Many creatures, dangers, and mysteries wait in the Forbidden Lands

The setting brings many unexplored horizons, taking less the role of heroes and more of individuals thriving under a dark regime. While delving into the material, the inclusion of additional legends and backstories for the players during character creation enrich the experience and the setting.  Especially if the group decides to go the alternative character creation route which includes a randomized generation of race and professions. This is a game about thriving in a bleak existence where evil reigns but vast treasures from centuries ago lie hidden and forgotten by time. When players tally experience for their characters, it’s in the form of a questionnaire (you’ll find this familiar with games like Tales from the Loop), as the premise stems from the idea of the characters learning from their adventures to become wiser and smarter. Additionally, your character’s pride, dark secrets, and relationships are free to be changed across gameplay which provides a profound metaphor on the nature of growth and development.

You can find Free League Publishing’s Forbidden Lands in their storefront here: http://frialigan.se/en/store/?collection_id=84541866032

Additionally, Free League Publishing also launched the Raven’s Purge Campaign Book which as an epic campaign module for Forbidden Lands that can have a profound influence over the region. Unlike traditional story modules, there are no clear objectives but plenty of material for legends, locales, and individuals to interact.

Return to the Loop with Free League’s New Adventures for Tales from the Loop

Imagine a setting in the 1980s and machines roam the landscape all connected to a mysterious facility and an equally mysterious power source used to generate various odd experiments that occasionally run rampant in your suburban life. The caveat? You’re all playing as kids, and only you can stop the machine menace. Free League Publishing released their ENnie awarding Tales from the Loop in 2015 which would later become of the “must play games” of 2017, and the game continues to grow with their first campaign book, Tales from the Loop: Our Friends the Machines and Other Mysteries.

The new campaign book consists of three mysteries, eight shorter mysteries inspired by songs from the 1980s, a chapter on machine blueprints, and a section dedicated to making your hometown the center of the Loop for your games. The chapters, design, and layout are identical to the core rulebook and honestly are aesthetically pleasing as they harken back to Swedish artist, Simon Stålenhag’s paintings.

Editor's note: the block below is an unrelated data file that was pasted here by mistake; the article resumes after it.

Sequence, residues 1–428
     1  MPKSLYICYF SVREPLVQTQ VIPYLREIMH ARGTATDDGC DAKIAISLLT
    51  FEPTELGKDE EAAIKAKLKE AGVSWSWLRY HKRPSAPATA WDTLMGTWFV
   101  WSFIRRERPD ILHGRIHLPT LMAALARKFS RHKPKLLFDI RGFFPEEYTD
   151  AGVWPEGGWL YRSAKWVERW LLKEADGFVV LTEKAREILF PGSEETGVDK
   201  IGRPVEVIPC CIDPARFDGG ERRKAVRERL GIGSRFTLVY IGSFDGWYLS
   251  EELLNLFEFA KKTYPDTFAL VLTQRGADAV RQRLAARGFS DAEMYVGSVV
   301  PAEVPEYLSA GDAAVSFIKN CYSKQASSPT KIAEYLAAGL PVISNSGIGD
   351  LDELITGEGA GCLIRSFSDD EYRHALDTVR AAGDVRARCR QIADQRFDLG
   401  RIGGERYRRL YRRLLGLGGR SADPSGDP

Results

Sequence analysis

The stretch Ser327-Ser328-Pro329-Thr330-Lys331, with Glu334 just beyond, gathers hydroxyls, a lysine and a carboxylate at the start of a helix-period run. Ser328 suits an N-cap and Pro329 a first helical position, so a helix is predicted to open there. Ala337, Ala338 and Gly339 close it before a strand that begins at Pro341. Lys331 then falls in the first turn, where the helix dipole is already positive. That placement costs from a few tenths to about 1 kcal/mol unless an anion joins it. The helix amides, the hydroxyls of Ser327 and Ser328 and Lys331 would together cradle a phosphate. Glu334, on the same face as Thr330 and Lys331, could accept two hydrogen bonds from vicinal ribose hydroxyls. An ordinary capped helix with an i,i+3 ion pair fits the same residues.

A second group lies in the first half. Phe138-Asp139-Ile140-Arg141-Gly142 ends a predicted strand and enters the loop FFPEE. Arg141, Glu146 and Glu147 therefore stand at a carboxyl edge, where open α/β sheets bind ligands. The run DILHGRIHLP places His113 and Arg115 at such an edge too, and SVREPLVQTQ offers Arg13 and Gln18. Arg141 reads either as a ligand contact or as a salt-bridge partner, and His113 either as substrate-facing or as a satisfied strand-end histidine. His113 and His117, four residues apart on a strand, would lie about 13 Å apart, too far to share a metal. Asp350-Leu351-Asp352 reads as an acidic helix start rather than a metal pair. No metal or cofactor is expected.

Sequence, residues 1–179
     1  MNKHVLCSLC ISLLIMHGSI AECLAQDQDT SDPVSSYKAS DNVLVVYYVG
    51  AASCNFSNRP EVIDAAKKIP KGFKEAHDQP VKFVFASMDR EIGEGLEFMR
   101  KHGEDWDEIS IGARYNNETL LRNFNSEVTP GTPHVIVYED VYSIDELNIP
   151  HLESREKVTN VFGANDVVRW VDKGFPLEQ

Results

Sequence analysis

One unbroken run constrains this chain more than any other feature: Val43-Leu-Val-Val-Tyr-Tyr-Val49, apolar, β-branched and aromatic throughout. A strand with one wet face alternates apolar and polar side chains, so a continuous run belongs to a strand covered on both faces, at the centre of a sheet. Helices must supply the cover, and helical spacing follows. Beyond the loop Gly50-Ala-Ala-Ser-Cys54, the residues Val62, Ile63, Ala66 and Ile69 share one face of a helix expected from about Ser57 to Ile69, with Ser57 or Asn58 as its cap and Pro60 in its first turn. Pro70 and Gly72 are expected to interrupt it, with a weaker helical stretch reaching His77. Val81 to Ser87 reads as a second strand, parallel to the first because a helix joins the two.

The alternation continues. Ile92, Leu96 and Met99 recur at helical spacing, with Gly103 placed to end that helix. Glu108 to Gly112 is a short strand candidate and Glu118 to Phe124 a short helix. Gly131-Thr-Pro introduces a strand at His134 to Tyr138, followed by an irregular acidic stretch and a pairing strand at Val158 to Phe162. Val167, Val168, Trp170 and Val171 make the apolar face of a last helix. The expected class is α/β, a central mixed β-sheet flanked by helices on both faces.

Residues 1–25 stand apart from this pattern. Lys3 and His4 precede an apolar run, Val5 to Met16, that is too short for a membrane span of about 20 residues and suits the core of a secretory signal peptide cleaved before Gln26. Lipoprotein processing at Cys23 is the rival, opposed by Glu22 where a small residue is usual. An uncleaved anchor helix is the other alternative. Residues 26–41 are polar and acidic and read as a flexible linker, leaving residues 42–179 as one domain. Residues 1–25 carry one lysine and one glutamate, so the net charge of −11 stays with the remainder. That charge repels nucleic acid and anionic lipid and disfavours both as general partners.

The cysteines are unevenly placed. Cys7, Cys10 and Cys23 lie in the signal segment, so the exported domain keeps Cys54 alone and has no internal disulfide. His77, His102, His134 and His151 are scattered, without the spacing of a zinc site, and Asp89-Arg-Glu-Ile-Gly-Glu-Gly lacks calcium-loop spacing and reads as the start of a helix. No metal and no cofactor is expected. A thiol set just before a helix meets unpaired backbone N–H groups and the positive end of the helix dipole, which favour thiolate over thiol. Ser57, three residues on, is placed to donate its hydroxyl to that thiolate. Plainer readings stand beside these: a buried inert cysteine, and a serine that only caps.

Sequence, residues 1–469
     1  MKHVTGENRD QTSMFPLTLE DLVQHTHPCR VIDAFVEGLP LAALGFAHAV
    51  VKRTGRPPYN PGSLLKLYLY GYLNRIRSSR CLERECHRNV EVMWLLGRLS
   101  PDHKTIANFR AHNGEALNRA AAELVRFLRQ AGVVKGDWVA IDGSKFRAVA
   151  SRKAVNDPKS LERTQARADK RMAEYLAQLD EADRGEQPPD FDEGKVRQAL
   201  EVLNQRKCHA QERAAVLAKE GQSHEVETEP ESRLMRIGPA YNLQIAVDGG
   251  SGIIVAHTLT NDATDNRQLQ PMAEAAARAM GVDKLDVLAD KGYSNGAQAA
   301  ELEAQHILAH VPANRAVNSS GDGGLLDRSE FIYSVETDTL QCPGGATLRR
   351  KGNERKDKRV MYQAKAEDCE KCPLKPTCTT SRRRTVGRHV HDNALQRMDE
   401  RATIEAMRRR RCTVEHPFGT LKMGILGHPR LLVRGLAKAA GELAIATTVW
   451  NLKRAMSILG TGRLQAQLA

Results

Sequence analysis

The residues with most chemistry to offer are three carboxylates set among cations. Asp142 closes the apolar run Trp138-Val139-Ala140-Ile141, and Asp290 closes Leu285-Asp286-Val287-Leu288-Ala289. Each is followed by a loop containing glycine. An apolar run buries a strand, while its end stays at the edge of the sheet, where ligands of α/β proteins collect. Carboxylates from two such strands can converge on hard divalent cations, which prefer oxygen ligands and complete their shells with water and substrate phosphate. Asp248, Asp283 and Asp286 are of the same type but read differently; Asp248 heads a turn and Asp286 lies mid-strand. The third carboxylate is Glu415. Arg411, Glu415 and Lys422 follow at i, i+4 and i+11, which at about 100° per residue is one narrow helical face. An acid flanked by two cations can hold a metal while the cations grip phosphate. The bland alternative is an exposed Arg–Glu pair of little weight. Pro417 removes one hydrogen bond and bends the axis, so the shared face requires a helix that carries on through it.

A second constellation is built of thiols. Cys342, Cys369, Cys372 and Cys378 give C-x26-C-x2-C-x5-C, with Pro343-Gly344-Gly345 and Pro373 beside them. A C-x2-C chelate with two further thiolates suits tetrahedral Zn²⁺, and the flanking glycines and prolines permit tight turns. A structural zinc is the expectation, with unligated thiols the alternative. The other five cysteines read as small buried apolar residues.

• Our Friends the Machines is a great mystery that encompasses everything from Transformers, to Toy Soldiers or Toy Story if you’re so inclined mixed with opposing AIs and mind-control chips. There’s plenty of information for the game master to run these fully established mysteries and have the kids (players) investigating the strange happenings in their small town. There are a lot of alternate paths and endings, and it’ll be a reoccurring design choice you will notice with subsequent mysteries.
  • Horror Movie Mayhem takes the moral panic of the 80s and adds the twist of subliminal messages and awful televised programs. It’s the classic “something went terribly wrong” sort of brainwashing and creepy PTA members to boot. There are some other elements that I feel I shouldn’t spoil but if anyone who grew up during this period of the moral panic, this one is for you.
  • The Mummy in the Mist brings the ideas of H.G. Wells’ The Invisible Man meets Stephen King’s the Mist but with less blood and gore. This will have the kids exploring and investigating in several locations before it all leads to the showdown which has some great choices and equally great endings.
  • The Mixtape of Mysteries are all mysteries with titles borrowed from iconic songs from the 80s, and each one is distinct in their flavor and stories. One of my personal favorites “Every Breath You Take” is a great twist from the original song that served as its inspiration into some perverse and somewhat grim which had my full attention. All eight of these mysteries set up the premise, the truth, provide hooks, and countdowns to help narrate the story but leave the ending open-ended enough for the players to draw their conclusions.
  • The Machine blueprints provide insightful lore for the machines that roam within the Loop and provides suggested mysteries if the game master wishes to implement them.